It also will prune the public sector by close to 4,000 jobs.

Unionists have told the rally the State Government cannot be trusted.

The legislation to enable the changes is expected to be put to a vote in the Upper House this week.

The Public Service Association is challenging the legality of the budget decisions in the Industrial Relations Commission.

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2010-10-22 Rann Government


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More than 1,000 people have turned out to a community forum to protest against the South Australian Government's budget decision to cut funding for Keith and District Hospital.

The hospital says it is facing a 60 per cent cut to its state funding from next July.

Hospital board member Richard Vickery says residents spoke of the hospital's vital role in their community.

"People who had some very unfortunate farm accidents ... relayed that if Keith Hospital hadn't been here, their outcome or their sheer existence, if they had to go to hospital 50 or 100 kilometres further away, would have been substantially different," he said.

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2010-10-18 Rann Government

Public servants protest cuts

Posted on October 18, 2010, 7:07am

PUBLIC service workers fearful of losing their jobs took to the streets of Mount Gambier in protest last Thursday, speaking out about the “pressure and pain” that would be inflicted by more than 3500 job cuts flagged in the state budget.

One chant from around 20 angry public servants from fisheries, SafeWork SA and other government departments called for the treasurer to be sacked, while other messages stated “job cuts will equal service cuts”.

The public service sector faces significant cuts planned in the recent budget, with more than 3750 jobs set to go in the next four years.

Public servants who attended the rally in Mount Gambier were reluctant to comment and feared being identified in the media, with one individual saying “we have to go back to our jobs while we have one”.

One woman attended the rally in her lunch break, joining fellow workers in front of Independent MP Don Pegler’s office on Gray Street.

“It’s already happening as people are losing their jobs — we are calling for our work conditions, agreed on with the government in our enterprise agreement, not to be touched,” she said.

“Now they are in the process of taking away our incentives, our entitlements, so people are discouraged to stay.”

One anonymous protestor said it was anticipated that yesterday the Legislative Council would start debate on a bill for the reduction of long service leave provisions and the removal of annual leave loading for public service workers.

“They are overriding the enterprise agreement in which job security was the number one issue and the government’s promise to protect this was taken in good faith,” he said.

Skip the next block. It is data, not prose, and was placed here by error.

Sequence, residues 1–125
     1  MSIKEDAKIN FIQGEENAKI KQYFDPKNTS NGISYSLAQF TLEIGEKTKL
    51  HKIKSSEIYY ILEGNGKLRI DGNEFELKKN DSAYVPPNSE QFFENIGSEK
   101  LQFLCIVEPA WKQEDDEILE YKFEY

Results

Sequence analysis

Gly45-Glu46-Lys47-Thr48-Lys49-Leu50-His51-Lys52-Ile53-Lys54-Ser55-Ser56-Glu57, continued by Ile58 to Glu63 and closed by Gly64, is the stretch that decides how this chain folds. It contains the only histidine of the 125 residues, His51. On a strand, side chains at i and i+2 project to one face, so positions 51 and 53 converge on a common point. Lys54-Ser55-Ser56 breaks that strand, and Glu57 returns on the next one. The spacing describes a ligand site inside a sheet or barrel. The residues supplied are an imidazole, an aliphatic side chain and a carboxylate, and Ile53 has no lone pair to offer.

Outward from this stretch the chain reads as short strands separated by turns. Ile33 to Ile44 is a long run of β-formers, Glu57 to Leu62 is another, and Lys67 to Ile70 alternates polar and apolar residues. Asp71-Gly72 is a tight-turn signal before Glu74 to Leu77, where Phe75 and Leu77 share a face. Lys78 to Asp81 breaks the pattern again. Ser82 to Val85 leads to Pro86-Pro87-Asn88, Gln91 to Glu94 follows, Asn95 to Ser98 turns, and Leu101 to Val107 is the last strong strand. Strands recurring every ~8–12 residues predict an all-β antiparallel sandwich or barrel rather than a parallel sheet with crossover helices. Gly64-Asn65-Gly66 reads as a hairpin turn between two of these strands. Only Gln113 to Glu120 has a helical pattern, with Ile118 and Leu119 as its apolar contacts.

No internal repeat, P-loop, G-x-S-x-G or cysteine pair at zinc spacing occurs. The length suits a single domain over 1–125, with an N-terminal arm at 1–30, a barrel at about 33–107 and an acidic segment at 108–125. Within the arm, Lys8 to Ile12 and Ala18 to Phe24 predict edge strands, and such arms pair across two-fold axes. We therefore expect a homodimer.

“Many are also now expecting and fearful of the forced redundancies which the government promised would never happen in the public service sector.”

South Australian Treasurer Kevin Foley admitted during the announcement of the budget that the government may have to break its election promise of no forced redundancies.

Another anonymous public servant said she had already been affected by the cuts that had been chiseling away at the public sector over the years.

“I lost my job for the department I was working for here in Mount Gambier and was told that it was due to a round of cuts the department was facing — I was made to reapply and relocate to a similar position in the Barossa Valley,” she said.

“I had to commute over the long distance to see my husband — the further cuts will see a lot more of this.”

She believed the cuts would only cripple the already strained public sector.

“We are already under pressure and understaffed — what will happen is they will make these cuts and realise the public sector cannot operate once these numbers are cut,” she said.

“You have to be there when somebody does leave to see the pressure it puts on the other staff members.”

Others present warned that if job entitlements in the public sector were cut, the private sector would be next.

“We have one lady who works with us owning a private business who has said in response to the cuts that she may consider taking away the entitlements of the staff working in her business,” they explained.

“This erosion of entitlements may see those who have leave loading now finding they are without it tomorrow.”

Public Service Association protests were carried out in other parts of the state yesterday, including Whyalla and Port Lincoln.

See: Borderwatch

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2010-10-14 Rann Government

There has been further protest from opponents of the South Australian Government’s budget savings affecting the public service.

Hundreds of public sector workers have rallied at Parliament House in Adelaide against job cuts and a planned reduction of leave entitlements.

ACTU president Ged Kearney was in Adelaide to address the protest.

She said the budget savings were an attack on the “good faith” principles of enterprise bargaining.

Some Adelaide court proceedings were affected when sheriff’s officers walked off the job to attend the rally.

Juries in a murder trial and a neglect case were told there would not be enough staff to keep the courtrooms open.

See: ABC News